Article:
BLOOMGARDEN v. NATIONAL ARCHIVES AND RECORDS ADMINISTRATION, No. 1:2017cv02675 - Document 24 (D.D.C. 2018)

Court Description: MEMORANDUM OPINION. Signed by Judge Colleen Kollar-Kotelly on 10/26/2018. (lcckk3)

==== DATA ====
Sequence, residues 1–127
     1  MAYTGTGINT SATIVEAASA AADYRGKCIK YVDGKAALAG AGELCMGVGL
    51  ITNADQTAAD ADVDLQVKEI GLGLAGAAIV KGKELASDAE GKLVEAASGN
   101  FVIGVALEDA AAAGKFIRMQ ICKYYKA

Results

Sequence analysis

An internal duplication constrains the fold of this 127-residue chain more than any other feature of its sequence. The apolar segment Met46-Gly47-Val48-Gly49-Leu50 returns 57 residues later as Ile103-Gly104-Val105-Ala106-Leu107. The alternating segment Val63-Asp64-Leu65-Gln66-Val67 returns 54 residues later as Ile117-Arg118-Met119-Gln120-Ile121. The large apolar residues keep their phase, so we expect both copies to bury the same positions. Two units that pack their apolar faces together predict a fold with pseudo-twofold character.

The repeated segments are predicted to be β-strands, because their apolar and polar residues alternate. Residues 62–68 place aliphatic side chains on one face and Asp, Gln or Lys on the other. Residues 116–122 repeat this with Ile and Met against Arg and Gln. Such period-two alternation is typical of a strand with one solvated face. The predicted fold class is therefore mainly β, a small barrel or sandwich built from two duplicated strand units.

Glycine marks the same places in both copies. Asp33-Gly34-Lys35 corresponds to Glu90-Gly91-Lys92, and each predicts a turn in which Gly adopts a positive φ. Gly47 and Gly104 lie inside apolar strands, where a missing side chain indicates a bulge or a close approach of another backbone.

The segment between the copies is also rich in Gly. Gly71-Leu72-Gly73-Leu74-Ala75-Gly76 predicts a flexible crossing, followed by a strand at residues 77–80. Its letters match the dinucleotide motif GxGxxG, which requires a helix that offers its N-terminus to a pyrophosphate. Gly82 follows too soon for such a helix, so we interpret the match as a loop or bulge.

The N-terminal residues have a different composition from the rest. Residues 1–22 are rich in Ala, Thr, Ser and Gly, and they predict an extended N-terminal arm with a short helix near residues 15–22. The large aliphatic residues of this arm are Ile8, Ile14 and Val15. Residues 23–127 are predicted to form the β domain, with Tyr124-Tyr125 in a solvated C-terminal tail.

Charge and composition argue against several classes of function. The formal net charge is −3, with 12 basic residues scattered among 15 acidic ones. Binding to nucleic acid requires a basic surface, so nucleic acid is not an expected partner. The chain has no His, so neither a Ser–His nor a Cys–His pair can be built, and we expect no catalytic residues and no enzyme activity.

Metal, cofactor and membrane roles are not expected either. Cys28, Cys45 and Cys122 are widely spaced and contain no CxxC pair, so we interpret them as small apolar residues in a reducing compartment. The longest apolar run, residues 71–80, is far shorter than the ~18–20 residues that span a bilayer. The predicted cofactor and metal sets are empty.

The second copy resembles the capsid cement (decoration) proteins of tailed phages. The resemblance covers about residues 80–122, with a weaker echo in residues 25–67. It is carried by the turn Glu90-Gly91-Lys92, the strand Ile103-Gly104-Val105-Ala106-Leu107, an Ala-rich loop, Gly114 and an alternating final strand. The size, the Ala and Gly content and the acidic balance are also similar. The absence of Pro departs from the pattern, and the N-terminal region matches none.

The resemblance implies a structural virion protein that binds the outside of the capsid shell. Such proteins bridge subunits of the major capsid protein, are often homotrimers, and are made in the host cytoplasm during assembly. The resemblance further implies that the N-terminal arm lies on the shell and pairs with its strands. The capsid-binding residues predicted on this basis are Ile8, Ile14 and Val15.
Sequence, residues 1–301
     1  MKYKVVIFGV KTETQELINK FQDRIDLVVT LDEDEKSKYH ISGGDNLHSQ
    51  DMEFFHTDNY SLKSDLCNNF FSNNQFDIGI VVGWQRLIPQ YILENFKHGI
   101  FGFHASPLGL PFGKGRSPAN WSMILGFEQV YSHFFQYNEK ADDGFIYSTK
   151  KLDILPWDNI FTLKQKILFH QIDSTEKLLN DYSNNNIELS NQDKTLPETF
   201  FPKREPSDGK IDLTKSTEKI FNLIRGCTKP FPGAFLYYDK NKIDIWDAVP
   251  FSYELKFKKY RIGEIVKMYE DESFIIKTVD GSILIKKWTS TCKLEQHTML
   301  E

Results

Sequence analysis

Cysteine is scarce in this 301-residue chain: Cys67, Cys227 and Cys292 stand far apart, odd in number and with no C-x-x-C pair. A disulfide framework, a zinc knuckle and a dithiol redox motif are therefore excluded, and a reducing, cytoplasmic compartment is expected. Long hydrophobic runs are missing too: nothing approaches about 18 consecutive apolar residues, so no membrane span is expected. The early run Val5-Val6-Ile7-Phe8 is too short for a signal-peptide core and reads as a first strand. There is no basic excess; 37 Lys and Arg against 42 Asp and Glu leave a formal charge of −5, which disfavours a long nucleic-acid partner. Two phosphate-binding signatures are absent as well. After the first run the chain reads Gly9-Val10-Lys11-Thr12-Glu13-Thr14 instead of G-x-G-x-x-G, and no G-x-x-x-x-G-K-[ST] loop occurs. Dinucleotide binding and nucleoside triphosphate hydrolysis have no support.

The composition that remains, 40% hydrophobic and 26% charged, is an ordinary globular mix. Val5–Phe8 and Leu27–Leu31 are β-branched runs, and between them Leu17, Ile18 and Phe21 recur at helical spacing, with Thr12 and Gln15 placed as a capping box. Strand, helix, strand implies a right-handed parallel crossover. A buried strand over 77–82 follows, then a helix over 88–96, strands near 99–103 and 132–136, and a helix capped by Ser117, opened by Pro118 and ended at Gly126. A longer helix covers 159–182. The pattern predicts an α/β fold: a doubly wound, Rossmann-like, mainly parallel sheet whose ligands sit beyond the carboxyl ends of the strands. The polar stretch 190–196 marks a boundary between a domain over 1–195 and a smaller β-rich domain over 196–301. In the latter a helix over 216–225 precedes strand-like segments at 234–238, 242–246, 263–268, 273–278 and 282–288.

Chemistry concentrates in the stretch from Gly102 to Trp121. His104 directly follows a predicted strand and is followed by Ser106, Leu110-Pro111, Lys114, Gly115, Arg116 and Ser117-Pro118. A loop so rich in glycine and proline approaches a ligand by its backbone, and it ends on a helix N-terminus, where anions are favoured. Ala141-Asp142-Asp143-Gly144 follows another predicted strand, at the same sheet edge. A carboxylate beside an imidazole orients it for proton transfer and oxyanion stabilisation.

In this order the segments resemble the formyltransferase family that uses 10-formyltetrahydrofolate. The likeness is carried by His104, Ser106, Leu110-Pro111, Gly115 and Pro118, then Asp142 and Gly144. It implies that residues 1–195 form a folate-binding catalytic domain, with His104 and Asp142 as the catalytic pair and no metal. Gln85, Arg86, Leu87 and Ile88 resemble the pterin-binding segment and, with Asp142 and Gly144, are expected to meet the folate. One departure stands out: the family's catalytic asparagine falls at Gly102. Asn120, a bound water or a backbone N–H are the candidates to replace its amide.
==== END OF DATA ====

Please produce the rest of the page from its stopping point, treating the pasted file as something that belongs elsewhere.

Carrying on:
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BLOOMGARDEN v. NATIONAL ARCHIVES AND RECORDS ADMINISTRATION Doc. 24 UNITED STATES DISTRICT COURT FOR THE DISTRICT OF COLUMBIA HOWARD BLOOMGARDEN, Plaintiff v. Civil Action No. 17-2675 (CKK) NATIONAL ARCHIVES AND RECORDS ADMINISTRATION, Defendant Memorandum Opinion (October 26, 2018) This lawsuit arises from a Freedom of Information Act (“FOIA”) request that Plaintiff Howard Bloomgarden made to Defendant National Archives and Records Administration (“NARA”). Plaintiff requested documents related to the 1995 termination of an Assistant United States Attorney (“AUSA”). In response to Plaintiff’s FOIA request, Defendant identified three letters. Defendant eventually provided Plaintiff with one of the responsive letters but withheld the two remaining responsive letters, claiming that they fell under FOIA’s Exemption 6 which protects “personnel and medical files and similar files the disclosure of which would constitute a clearly unwarranted invasion of personal privacy.” 5 U.S.C. § 552(b)(6). Plaintiff filed this suit, arguing that the two responsive letters are not exempt from FOIA. The parties have filed crossmotions for Summary Judgment on the issue of whether the two letters fall under Exemption 6 to FOIA. Upon consideration of the pleadings,1 the relevant legal authorities, and the record as it currently stands, the Court DENIES Plaintiff’s motion for summary judgment and GRANTS 1 The Court’s consideration has focused on the following documents: • Def.’s Mot. for Summary Judgment, ECF No. [12] (“Def.’s Mot.”); 1 Dockets.Justia.com Defendant’s motion for summary judgment. The Court concludes that the letters are exempt from FOIA based on Exemption 6. I. BACKGROUND In his FOIA request, Plaintiff seeks to acquire letters regarding the potential misconduct and termination of former AUSA for the Eastern District of New York (“EDNY”) Raymond Granger. Plaintiff’s FOIA request stems from a 1995 joint state-federal investigation into Plaintiff’s possible involvement in criminal acts, which eventually lead to Plaintiff pleading guilty in the EDNY. Pl.’s Statement of Facts, ECF No. [13-2], 3. Mr. Granger was the lead prosecutor for the investigation. Id. at 2. But, Mr. Granger was removed from Plaintiff’s case in 1995 and was soon thereafter terminated from his position with EDNY. Id. at 3. Plaintiff has requested the termination materials related to Mr. Granger based on the belief that the materials may show that Mr. Granger engaged in misconduct regarding certain proffers that Plaintiff made to the federal and Los Angeles County prosecutors when Mr. Granger was leading the investigation. Compl., ECF No. [1], ¶¶ 10-13. If the termination materials show misconduct on the part of Mr. Granger, Plaintiff intends to use such information to help his effort to get a new trial before the California state court, where he was convicted of murder in 2014. Pl.’s Statement of Facts, ECF No. [13-2], 3-4. • Pl.’s Mem. Of Points and Authorities in Support of his Opp’n to Def.’s Mot. for Summary Judgment and in Support of his Cross Mot. for Summary Judgment, ECF No. [13-3] (“Pl.’s Mot.”); • Reply in Further Support of Def.’s Mot. for Summary Judgment; and Opp’n to Pl.’s Cross-Mot. for Summary Judgment, ECF No. [15] (“Def.’s Reply”); • Pl.’s Reply in Support of Cross Mot. for Summary Judgment, ECF No. [17] (“Pl.’s Reply”). In an exercise of its discretion, the Court finds that holding oral argument in this action would not be of assistance in rendering a decision. See LCvR 7(f). 2 As part of his strategy in the California case, in 2007, Plaintiff initiated his first FOIA request seeking documents relating to Mr. Granger’s termination. Pl.’s Mot, ECF No. [13-3], 12. The Department of Justice, which was in possession of a draft termination letter and related documents, withheld the documents as exempt under FOIA. In 2012, Plaintiff initiated suit seeking disclosure of the documents. The court ordered the release of approximately 3,600 pages of exhibits to the requested letter but concluded that the draft letter itself was exempt under FOIA. Id. at 12-13; see generally Bloomgarden v. U.S. Dep’t of Justice, 874 F.3d 757 (D.C. Cir. 2017). In 2013, Plaintiff initiated a new FOIA request, this time requesting from NARA documents related to Mr. Granger’s termination. Pl.’s Statement of Facts, ECF No. [13-2], 4. Defendant indicated that three responsive letters had been found and that all three letters would be released to Plaintiff. Pl.’s Ex. DD, ECF No. [13-7], 78-79. But Defendant later explained that, upon further review, the letters were exempt from FOIA under Exemption 6. Id. at 80. The archivist who had initially agreed to release the letters had been newly hired, and after her supervisor reviewed the request, the supervisor determined that disclosure of the letters would cause an unwarranted invasion of Mr. Granger’s personal privacy under Exemption 6. Dec. of Martha Wagner Murphy, ECF No. [12-2], Ex. G. Accordingly, Defendant refused to release the three letters. But, on administrative appeal, Defendant agreed to release one of the letters, finding that only two of the letters met the requirements of Exemption 6. Id. Plaintiff continues seeking disclosure of the two letters pertaining to Mr. Granger’s termination from the U.S. Attorney’s Office. In 2017, Plaintiff brought action in this Court, asking the Court to conclude that Exemption 6 is inapplicable because the release of the letters 3 would not result in a clearly unwarranted invasion of Mr. Granger’s privacy. Both parties have moved for summary judgment. II. LEGAL STANDARD Congress enacted FOIA to “pierce the veil of administrative secrecy and to open agency action to the light of public scrutiny.” Dep't of the Air Force v. Rose, 425 U.S. 352, 361 (1976) (citation omitted). Congress remained sensitive to the need to achieve balance between these objectives and the potential that “legitimate governmental and private interests could be harmed by release of certain types of information.” FBI v. Abramson, 456 U.S. 615, 621 (1982). To that end, FOIA “requires federal agencies to make Government records available to the public, subject to nine exemptions.” Milner v. Dep't of Navy, 562 U.S. 562, 562 (2011). Ultimately, “disclosure, not secrecy, is the dominant objective of the Act.” Rose, 425 U.S. at 361. For this reason, the “exemptions are explicitly made exclusive, and must be narrowly construed.” Milner, 562 U.S. at 565 (citations omitted). When presented with a motion for summary judgment in this context, the district court must conduct a “de novo” review of the record, which requires the court to “ascertain whether the agency has sustained its burden of demonstrating the documents requested are ... exempt from disclosure under the FOIA.” Multi Ag Media LLC v. U.S. Dep't of Agriculture, 515 F.3d 1224, 1227 (D.C. Cir. 2008) (citation omitted). The burden is on the agency to justify its response to the plaintiff's request. 5 U.S.C. § 552(a)(4)(B). “An agency may sustain its burden by means of affidavits, but only if they contain reasonable specificity of detail rather than merely conclusory statements, and if they are not called into question by contradictory evidence in the record or by evidence of agency bad faith.” Multi Ag Media, 515 F.3d at 1227 (citation omitted). “If an agency's affidavit describes the justifications for withholding the information with specific 4 detail, demonstrates that the information withheld logically falls within the claimed exemption, and is not contradicted by contrary evidence in the record or by evidence of the agency's bad faith, then summary judgment is warranted on the basis of the affidavit alone.” Am. Civil Liberties Union v. U.S. Dep't of Defense, 628 F.3d 612, 619 (D.C. Cir. 2011) (citations omitted). “Uncontradicted, plausible affidavits showing reasonable specificity and a logical relation to the exemption are likely to prevail.” Ancient Coin Collectors Guild v. U.S. Dep't of State, 641 F.3d 504, 509 (D.C. Cir. 2011). Summary judgment is proper when the pleadings, the discovery materials on file, and any affidavits or declarations “show[ ] that there is no genuine dispute as to any material fact and the movant is entitled to judgment as a matter of law.” Fed. R. Civ. P. 56(a). III. DISCUSSION Plaintiff does not challenge the adequacy of Defendant’s search for responsive records to Plaintiff’s FOIA request. As such, the sole issue before the Court is whether the two, undisclosed letters regarding the termination of Mr. Granger from the U.S. Attorney’s Office fall under FOIA Exemption 6. The Court has reviewed the two letters in camera. Considering the arguments of the parties, as well as the Court’s own review of the letters, the Court concludes that the letters fall under FOIA Exemption 6 and were rightfully withheld. Exemption 6 to FOIA allows government agencies to withhold “personnel and medical files and similar files the disclosure of which would constitute a clearly unwarranted invasion of personal privacy.” 5 U.S.C. § 552(b)(6). Fundamentally, “Exemption 6 is designed to protect personal information in public records.” Multi Ag Media, 515 F.3d at 1228 (citations omitted). Exemption 6 is not limited to “a narrow class of files containing only a discrete kind of personal information[,]” but was “intended to cover detailed Government records on an individual which 5 can be identified as applying to that individual.” U.S. Dep't of State v. Washington Post Co., 456 U.S. 595, 602 (1982) (citations omitted). So, when reviewing the withholding of records under Exemption 6, the Court first must determine whether the records in question are the sort of personnel, medical, or other records which are protected by the exemption. Assuming the records at issue are of the type that fall within the ambit of Exemption 6, “the court must then determine whether their disclosure would constitute a clearly unwarranted invasion of personal privacy, which requires balancing the privacy interest that would be compromised by disclosure against any public interest in the requested information.” Wisdom v. U.S. Tr. Program, 266 F. Supp. 3d 93, 108 (D.D.C. 2017) (citations omitted). In order for the exemption to apply, the Court must determine that the “disclosure of the files would compromise a substantial, as opposed to de minimis, privacy interest, because if no significant privacy interest is implicated FOIA demands disclosure.” Multi Ag Media, 515 F.3d at 1229 (citations and alterations omitted). On the other side of the equation, the only relevant public interest in disclosure “is the extent to which disclosure would serve the core purpose of the FOIA, which is contributing significantly to public understanding of the operations or activities of the government.” U.S. Dep't of Def. v. Fed. Labor Relations Auth., 510 U.S. 487, 495 (1994) (internal citations and alterations omitted). Plaintiff does not appear to dispute whether the letters at issue are the type of “personnel” files that satisfy the threshold requirement of Exemption 6. 5 U.S.C. § 552(b)(6) (exempting “personnel and medical files and similar files”). But even if Plaintiff were to dispute that issue, this Court has treated termination letters as the type of “personnel” files included in the ambit of Exemption 6. See Bloomgarden v. U.S. Dep’t of Justice, 874 F.3d 757, 759-61 (D.C. Cir. 2017) (treating a draft termination letter as falling under Exemption 6); see also Stern v. FBI, 737 F.2d 6 84, 89-90 (D.C. Cir. 1984) (explaining that requests for the disciplinary records of federal employees are analyzed under Exemption 6). Accordingly, Plaintiff’s request for disclosure of the two letters should be analyzed under Exemption 6. Because the two letters are the sort of documents potentially protected by Exemption 6, the Court must next determine whether disclosure of the two letters would constitute a clearly unwarranted invasion of privacy. To decide whether disclosure would constitute a clearly unwarranted invasion of privacy, the Court must balance Mr. Granger’s privacy interest against the public’s interest in having the information disclosed. See Wisdom, 266 F. Supp. 3d at 108. In balancing Mr. Granger’s privacy interest against the public’s interest, the Court considers Bloomgarden v. United States Dep’t of Justice, 874 F.3d 757 (D.C. Cir. 2017). That case involved Plaintiff’s prior FOIA request, asking the Department of Justice for the release Mr. Granger’s draft termination letter. The Court found that the draft letter was exempted from FOIA under Exemption 6. Bloomgarden, 874 F.3d at 760-61. Defendant argues that his prior FOIA case is irrelevant because the prior case involved a draft letter and this case involves the U.S. Attorney’s Office’s final determination. The Court agrees that Plaintiff’s prior case is not controlling. But, the similarities between Plaintiff’s prior case and this one make that court’s analysis informative. Looking first to Mr. Granger’s privacy interest in the letters, it is an “indisputable proposition that disclosure of information identifying a particular attorney as the subject of a … disciplinary proceeding … would violate substantial privacy interests of the attorney.” Carter v. U.S. Dep’t of Commerce, 830 F.2d 388, 394 (D.C. Cir. 1987). Mr. Granger’s privacy interest in the details of his termination is not lessened because the fact of his termination is already in the public domain. Kimberlin v. U.S. Dep’t of Justice, 139 F.3d 944, 949 (D.C. Cir. 1998) 7 (disclosing a “staff-level government lawyer['s disciplinary file] ... would occasion an invasion of [his] privacy,” even though he had already been publicly identified); see also Citizens for Responsibility & Ethics in Washington v. U.S. Dep't of Justice, 746 F.3d 1082, 1092 (D.C. Cir. 2014) (former congressman's “privacy interest in the contents of [his] investigative files is not insubstantial” even though it was known that he was under investigation). Mr. Granger still has a privacy interest keeping the details of his termination private. Plaintiff argues that, because Mr. Granger’s termination occurred more than two decades ago, the passage of time has lessened Mr. Granger’s privacy interest in the letters. But, the Court concludes that “[t]he passage of time, without more, does not materially diminish” Mr. Granger’s privacy interest. Schrecker v. U.S. Dep’t of Justice, 349 F.3d 657, 666 (D.C. Cir. 2003). And, plaintiff does not articulate additional factors which would lessen Mr. Granger’s privacy interest. Mr. Granger’s continuing privacy interest is especially apparent given that Mr. Granger is a currently-licensed, practicing attorney who would be interested in avoiding embarrassment and harm to his reputation and livelihood. Declaration of Martha Wagner Murphy, ECF No. [12-2], 10; see also Rose, 425 U.S. at 380-81 (explaining that ex-cadets who continue in military service have a heightened privacy interest in their student disciplinary files). Considering next the public’s interest, the Court concludes that the public’s interest in the two letters is relatively low. When the information requested through FOIA relates to the misconduct of federal employees, the Court considers the rank of the employee and the seriousness of the allegations. Kimberlin, 139 F.3d at 949. Here, the alleged misconduct involves a former staff-level AUSA. Misconduct by a federal government attorney is always of some concern to the public. Federal government attorneys have their salaries paid by the taxpayer and have discretion in exercising the penal powers of the federal government. But, the public’s 8 interest in the negligent job performance and unremarkable misconduct of a staff-level attorney is relatively low. See Stern v. FBI, 737 F.2d 84, 94 (D.C. Cir. 1984) (“There is a decided difference between knowing participation by a high-level officer in such deception and the negligent performance of particular duties by … lower-level employees.”). While the negligent job performance and unremarkable misconduct of a lower-level employee is of little public concern, the public does have an interest in knowing how the agency or department in question dealt with the misconduct. Kimberlin, 139 F.3d at 948. But, due to the two decades which have passed since Mr. Granger was terminated, the information contained in the requested letters will illuminate little about the current internal operations of the U.S. Attorney’s Office. See Cochran v. United States, 770 F.2d 949, 959 n.15 (11th Cir. 1985) (“[T]here is a great public interest in insuring the dissemination of current, newsworthy information ... particularly when the information relates to the operations of government.”). Even though the letters are dated, there can still be public interest in exposing historic government activity and misconduct. See, e.g., Rosenfeld v. U.S. Dep't of Justice, 57 F.3d 803, 811-12 (9th Cir. 1995) (finding a strong public interest in a controversial investigation into student protestors twenty-five years earlier). But, the letters requested by Plaintiff have little to no historic import. Having read the letters, the Court concludes that they do not illuminate systemic failings or widespread misconduct on the part of the U.S. Attorney’s Office. Contrast with Bartko v. U.S. Dep’t of Justice, 898 F.3d 51, 66-67 (D.C. Cir. 2018) (finding a strong public interest where the requested documents evidenced a pattern of discovery abuses by the U.S. Attorney’s Office). Instead, the letters pertain only to a single AUSA who was terminated over two decades ago for relatively unremarkable reasons. And, insofar as Plaintiff argues that the two letters should be disclosed based on the effect that disclosure may have on his own criminal case, 9 Plaintiff’s personal reasons for requesting disclosure are not a consideration under the FOIA analysis. See U.S. Dep't of Def. v. Fed. Labor Relations Auth., 510 U.S. 487, 496 (1994) (explaining that whether an invasion of privacy is warranted does not turn on the individual requester’s purpose for making the FOIA request). Considering both Mr. Granger’s privacy interest and the public’s interest in disclosure, the Court concludes that the equities weigh in favor of Mr. Granger’s privacy interest. Exemption 6 protects personal information in an employee’s file only if the disclosure of the information would create a “clearly unwarranted” invasion of privacy. 5 U.S.C. § 552(b)(6). Here, the invasion of privacy resulting from the disclosure of the two letters would be clearly unwarranted. Mr. Granger maintains a strong privacy interest in the information contained in his termination letters. His interest is especially strong given his continued work in the legal field. In contrast, the public’s interest in the disclosure of the letters is relatively low. The letters relate only to the two-decades old termination of a lower-level government attorney. The letters do not show systemic failures or a larger pattern of misconduct on the part of the U.S. Attorney’s Office. Accordingly, disclosure would not “contribut[e] significantly to public understanding of the operations or activities of the government” which is “the only relevant public interest in disclosure to be weighed.” Fed. Labor Relations Auth., 510 U.S. at 495 (internal citations and alterations omitted). The Court finds that the above analysis applies equally to both of the requested letters. However, in his motion for summary judgment, Plaintiff attempts to distinguish the two letters. Plaintiff argues that, at a minimum, the April 4, 1997 letter should be disclosed as this letter relates to the “requesting of documents and the return of property,” which does not implicate Mr. Granger’s privacy interest. Pl.’s Mot, ECF No. [13-3], 17. But, the Court’s review of this letter 10 shows that the letter also contains sensitive material relating to the circumstances surrounding Mr. Granger’s termination and to other private information in Mr. Granger’s personnel file. Moreover, insofar as Plaintiff argues that the letter primarily concerns the return of property, the corresponding public interest in this information would be extremely low. Accordingly, both letters meet the requirements of FOIA Exemption 6. The Court must make a separate finding as to whether any portion of the two letters withheld in their entirety could have been segregated and released. Trans-Pac. Policing Agreement v. United States Customs Serv., 177 F.3d 1022, 10027-28 (D.C. Cir. 1999). “[E]ven if the agency establishes an exemption, it must nonetheless disclose all reasonably segregable, nonexempt portions of the requested record[s].” Roth v. U.S. Dep’t of Justice, 643 F.3d 1161, 1117 (D.C. Cir. 2007). Having reviewed the two letters as well as the declaration by NARA employee Martha Wagner Murphy, the Court is satisfied that no reasonably segregable information has been withheld. Any non-exempt information contained in the two letters is “inextricably intertwined with exempt portions.” See Mead Data Cent., Inc. v. Dep’t of the Air Force, 566 F.2d 242, 260 (D.C. Cir. 1977). IV. CONCLUSION For the reasons stated above, the Court concludes that Plaintiff’s two requested letters were rightfully withheld under Exemption 6 to FOIA. As such, the Court DENIES Plaintiff’s motion for summary judgment and GRANTS Defendant’s motion for summary judgment. A separate order accompanies this Memorandum Opinion. /s/ COLLEEN KOLLAR-KOTELLY United States District Judge 11